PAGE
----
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February 06, 2014

This Week's Issue: A Neighborly Noise Feud in Burlington, 'Border' Security and Maple Saplings

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Find these news and politics stories in this week's Seven Days...

February 05, 2014

Rural Vermont: Farmers Sold 53,000 Gallons of Raw Milk

LM-RawMilk-SPAs some farmers push for more freedom to sell raw milk, an  advocacy group reports that nearly 2,000 customers bought more than 53,000 gallons of the unpasteurized product in a recent 12-month period. 

For those of you interested in following the raw milk debate, head over to the website of Rural Vermont, which  released its annual raw milk report Wednesday morning. Because Vermont doesn't require farmers selling raw milk to register with the state, the Rural Vermont report is the best snapshot we have of what raw milk sales look like on the ground.

To recap, raw milk is unpasteurized. In Vermont, it's sold directly by farmers to consumers, and in almost all cases consumers have to travel to the farm to purchase this milk. Vermont passed regulations in 2009 covering the sale of raw milk, setting out guidelines for farmers intended to protect public health. People who love raw milk really love raw milk — but conversely, public health officials stand firm in their conviction that consuming unpasteurized milk (which hasn't been treated to kill off pathogens and bacteria) could make people sick.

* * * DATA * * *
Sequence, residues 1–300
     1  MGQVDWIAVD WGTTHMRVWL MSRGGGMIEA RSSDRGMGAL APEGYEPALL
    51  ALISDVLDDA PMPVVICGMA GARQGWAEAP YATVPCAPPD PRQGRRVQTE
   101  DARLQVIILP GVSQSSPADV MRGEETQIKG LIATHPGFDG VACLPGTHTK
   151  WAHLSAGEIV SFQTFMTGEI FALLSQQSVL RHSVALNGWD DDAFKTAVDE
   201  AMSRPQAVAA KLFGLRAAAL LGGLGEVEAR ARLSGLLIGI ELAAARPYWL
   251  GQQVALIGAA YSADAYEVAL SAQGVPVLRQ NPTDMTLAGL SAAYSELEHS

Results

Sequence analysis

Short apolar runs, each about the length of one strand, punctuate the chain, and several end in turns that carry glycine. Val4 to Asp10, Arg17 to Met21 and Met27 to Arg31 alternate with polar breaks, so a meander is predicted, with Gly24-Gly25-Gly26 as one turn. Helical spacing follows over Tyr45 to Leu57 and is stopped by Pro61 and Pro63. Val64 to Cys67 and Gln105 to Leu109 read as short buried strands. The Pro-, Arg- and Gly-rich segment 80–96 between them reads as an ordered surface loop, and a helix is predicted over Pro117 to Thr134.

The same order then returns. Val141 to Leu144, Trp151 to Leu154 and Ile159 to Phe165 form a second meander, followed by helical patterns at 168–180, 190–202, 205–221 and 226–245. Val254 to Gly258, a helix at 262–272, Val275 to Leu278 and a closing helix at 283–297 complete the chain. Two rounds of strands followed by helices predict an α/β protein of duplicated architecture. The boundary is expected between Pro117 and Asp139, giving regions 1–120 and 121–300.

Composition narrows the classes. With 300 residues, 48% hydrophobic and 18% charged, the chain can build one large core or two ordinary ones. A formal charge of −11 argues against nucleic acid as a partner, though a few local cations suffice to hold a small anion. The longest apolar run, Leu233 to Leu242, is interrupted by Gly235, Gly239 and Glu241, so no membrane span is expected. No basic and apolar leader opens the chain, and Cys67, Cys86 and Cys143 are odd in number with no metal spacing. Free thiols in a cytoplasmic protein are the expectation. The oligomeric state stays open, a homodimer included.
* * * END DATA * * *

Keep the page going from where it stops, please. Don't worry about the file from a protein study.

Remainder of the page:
Continue reading "Rural Vermont: Farmers Sold 53,000 Gallons of Raw Milk " »

January 31, 2014

Lisman's Group Accuses House Democrat of Solar Conflict

01.30.14 CFV Ltr to Speaker Rule 75A group founded and funded by retired Wall Street banker Bruce Lisman has accused a St. Albans Democrat of violating House rules by voting for legislation that would help his employer.

In a letter (see below) to House Speaker Shap Smith, Campaign for Vermont lobbyist Shawn Shouldice took Rep. Mike McCarthy (D-St. Albans) to task Thursday for supporting legislation that would expand Vermont's net-metering program.

Net metering encourages Vermonters to produce electricity at home and work, in exchange for a break on their power bills. Shouldice said that the bill would benefit SunCommon, the Waterbury-based solar leasing company for which McCarthy works as a community organizer.

The legislation increases the amount of renewable energy utilities can buy from customers from 4 percent of the companies' peak demand to 15 percent. The bill won preliminary approval Wednesday by a 136-8 margin and final passage Thursday by voice vote.